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How to Extract Clean, Drinkable Water From Plant Leaves


Survival with Water Condensed from Leaves
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As a child I used to read about solar stills made by digging a hole in the desert and covering it with clear plastic, I was an adult by the time I actually visited a desert environment, but I was very disappointed with the results.

However, by placing a plastic bag over the leaves of a living plant, you can extract clean, drinkable water from plant leaves. This survival tip is very easy to do.

I was able to collect much more water condensed from leaves than I could from the typical solar still dug into the ground.  Additionally, this method too far less work and effort.

Condense Drinkable Water From Plant Leaves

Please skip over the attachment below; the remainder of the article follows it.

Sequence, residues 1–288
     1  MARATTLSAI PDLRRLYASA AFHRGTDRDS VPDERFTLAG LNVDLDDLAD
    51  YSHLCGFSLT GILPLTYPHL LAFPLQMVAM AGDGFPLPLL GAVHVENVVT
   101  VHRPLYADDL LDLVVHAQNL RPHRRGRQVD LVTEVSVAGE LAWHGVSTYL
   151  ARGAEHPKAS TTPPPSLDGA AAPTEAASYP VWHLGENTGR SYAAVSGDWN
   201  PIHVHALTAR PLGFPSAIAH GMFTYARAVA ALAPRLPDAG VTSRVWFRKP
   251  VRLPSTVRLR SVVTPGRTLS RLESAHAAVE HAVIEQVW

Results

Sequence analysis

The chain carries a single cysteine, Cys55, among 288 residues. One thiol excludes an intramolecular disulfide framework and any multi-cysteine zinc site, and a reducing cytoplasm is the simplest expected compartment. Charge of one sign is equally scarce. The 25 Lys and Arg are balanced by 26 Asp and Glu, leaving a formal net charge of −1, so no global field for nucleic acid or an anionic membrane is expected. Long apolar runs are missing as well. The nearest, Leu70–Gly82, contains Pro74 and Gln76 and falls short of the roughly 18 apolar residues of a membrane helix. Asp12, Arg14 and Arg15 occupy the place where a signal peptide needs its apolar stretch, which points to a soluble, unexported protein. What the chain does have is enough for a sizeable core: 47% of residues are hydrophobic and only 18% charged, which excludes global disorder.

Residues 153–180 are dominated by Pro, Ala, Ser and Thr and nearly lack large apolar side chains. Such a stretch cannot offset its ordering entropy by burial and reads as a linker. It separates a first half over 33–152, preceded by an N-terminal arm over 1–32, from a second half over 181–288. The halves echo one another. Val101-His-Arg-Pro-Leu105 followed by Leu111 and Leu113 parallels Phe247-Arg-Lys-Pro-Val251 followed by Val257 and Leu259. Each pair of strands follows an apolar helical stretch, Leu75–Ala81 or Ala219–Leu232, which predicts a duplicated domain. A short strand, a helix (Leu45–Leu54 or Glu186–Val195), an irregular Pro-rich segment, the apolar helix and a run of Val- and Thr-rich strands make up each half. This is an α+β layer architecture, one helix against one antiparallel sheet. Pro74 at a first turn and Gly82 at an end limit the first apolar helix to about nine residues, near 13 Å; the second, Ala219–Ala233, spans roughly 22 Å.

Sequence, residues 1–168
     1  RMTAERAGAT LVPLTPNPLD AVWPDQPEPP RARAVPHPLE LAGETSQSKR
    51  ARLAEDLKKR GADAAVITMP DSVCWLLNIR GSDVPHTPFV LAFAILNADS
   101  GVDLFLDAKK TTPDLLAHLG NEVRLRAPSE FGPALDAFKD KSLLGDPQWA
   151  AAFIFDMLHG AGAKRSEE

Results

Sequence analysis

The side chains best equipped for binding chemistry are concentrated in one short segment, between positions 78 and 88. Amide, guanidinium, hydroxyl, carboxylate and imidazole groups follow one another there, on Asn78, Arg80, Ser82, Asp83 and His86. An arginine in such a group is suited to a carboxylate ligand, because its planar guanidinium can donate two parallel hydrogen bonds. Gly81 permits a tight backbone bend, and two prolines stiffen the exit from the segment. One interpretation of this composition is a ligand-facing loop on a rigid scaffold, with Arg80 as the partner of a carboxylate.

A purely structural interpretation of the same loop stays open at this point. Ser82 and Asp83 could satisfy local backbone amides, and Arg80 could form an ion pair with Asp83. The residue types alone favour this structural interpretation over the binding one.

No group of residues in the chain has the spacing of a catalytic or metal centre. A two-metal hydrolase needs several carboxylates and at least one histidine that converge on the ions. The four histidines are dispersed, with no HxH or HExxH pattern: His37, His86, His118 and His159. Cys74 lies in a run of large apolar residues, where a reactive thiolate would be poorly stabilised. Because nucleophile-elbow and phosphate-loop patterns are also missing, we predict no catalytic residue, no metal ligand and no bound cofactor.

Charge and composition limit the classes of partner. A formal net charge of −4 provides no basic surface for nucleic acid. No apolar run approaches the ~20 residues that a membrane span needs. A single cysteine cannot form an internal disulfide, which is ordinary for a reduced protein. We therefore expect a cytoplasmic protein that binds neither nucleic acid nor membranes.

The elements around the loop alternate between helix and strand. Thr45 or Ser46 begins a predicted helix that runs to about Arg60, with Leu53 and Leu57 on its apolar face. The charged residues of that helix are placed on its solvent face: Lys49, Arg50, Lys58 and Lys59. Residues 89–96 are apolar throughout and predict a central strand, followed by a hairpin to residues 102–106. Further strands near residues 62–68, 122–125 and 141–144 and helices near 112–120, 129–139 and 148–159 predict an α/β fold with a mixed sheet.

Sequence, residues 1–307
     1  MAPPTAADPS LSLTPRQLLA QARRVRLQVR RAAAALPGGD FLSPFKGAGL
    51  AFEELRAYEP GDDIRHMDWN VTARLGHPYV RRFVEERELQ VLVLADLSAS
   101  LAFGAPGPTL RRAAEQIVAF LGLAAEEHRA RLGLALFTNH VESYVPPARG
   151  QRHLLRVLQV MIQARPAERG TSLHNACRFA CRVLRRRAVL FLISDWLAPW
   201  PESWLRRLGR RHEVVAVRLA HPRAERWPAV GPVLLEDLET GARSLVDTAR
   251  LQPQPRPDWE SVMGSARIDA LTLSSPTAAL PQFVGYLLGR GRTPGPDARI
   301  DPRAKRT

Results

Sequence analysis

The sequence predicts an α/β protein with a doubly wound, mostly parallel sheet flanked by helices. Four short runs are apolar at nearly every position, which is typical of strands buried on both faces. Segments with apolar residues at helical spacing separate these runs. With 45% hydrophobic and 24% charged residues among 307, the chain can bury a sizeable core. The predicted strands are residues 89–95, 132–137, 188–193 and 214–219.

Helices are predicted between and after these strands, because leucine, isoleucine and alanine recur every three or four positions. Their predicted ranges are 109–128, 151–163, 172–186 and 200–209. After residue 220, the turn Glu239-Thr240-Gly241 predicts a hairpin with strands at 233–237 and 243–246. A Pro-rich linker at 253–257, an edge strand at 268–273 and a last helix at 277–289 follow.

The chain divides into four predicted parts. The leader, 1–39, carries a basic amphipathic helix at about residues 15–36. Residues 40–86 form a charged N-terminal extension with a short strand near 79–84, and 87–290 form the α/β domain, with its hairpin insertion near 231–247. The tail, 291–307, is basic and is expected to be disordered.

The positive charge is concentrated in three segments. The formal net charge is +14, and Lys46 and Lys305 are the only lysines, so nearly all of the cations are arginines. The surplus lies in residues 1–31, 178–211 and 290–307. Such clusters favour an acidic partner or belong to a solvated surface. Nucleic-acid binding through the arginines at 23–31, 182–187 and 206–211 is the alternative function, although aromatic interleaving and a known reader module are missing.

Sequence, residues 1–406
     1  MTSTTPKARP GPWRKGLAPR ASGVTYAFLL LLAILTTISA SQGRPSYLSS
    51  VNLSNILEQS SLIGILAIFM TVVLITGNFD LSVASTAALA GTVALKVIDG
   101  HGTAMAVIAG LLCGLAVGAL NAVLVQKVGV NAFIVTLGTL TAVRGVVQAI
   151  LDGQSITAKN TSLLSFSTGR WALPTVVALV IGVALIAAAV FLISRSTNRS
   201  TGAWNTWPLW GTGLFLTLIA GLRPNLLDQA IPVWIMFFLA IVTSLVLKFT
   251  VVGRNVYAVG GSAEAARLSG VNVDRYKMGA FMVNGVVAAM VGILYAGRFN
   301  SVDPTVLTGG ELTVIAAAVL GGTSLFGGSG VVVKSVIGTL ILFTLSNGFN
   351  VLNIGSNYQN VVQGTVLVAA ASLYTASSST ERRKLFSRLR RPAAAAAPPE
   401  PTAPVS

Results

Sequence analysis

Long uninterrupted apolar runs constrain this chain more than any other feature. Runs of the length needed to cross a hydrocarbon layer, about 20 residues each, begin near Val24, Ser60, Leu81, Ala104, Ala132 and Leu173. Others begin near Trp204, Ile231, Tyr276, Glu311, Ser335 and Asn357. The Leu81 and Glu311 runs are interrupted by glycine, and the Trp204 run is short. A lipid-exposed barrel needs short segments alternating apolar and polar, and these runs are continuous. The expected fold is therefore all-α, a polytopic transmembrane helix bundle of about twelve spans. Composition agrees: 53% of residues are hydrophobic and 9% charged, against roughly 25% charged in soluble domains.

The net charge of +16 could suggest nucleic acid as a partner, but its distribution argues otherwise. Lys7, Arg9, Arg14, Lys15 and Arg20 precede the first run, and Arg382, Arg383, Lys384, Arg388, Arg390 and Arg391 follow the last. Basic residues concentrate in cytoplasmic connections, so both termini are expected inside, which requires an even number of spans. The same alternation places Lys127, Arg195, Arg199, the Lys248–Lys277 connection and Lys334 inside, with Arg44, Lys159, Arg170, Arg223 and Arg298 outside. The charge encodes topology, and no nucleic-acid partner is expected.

• Several Large clear plastic bags
  • String or cord
  • Live, non-poisonous vegetation with green deciduous leaves


  1. Tie a clear plastic bag on the end of a plant or small tree branch. The bag should be sealed very tightly over the branch so water cannot escape.
  2. Water vapor will collect and condense in the bag.
  3. Wait until evening for maximum condensation before removing the bag.
  4. Switch the bag to another branch and repeat.


 Water Condensed from LeavesYou can expect an average of one cup of water per bag per day – which means you will need 16 of these devices per person to collect the minimum recommended one gallon per person per day or water.

Gathering water condensed from leaves is much easier than other condensation methods, but as with any method it takes a lot of stills to get enough water.

Published inDIY Prepper ProjectsSurvival & Outdoors

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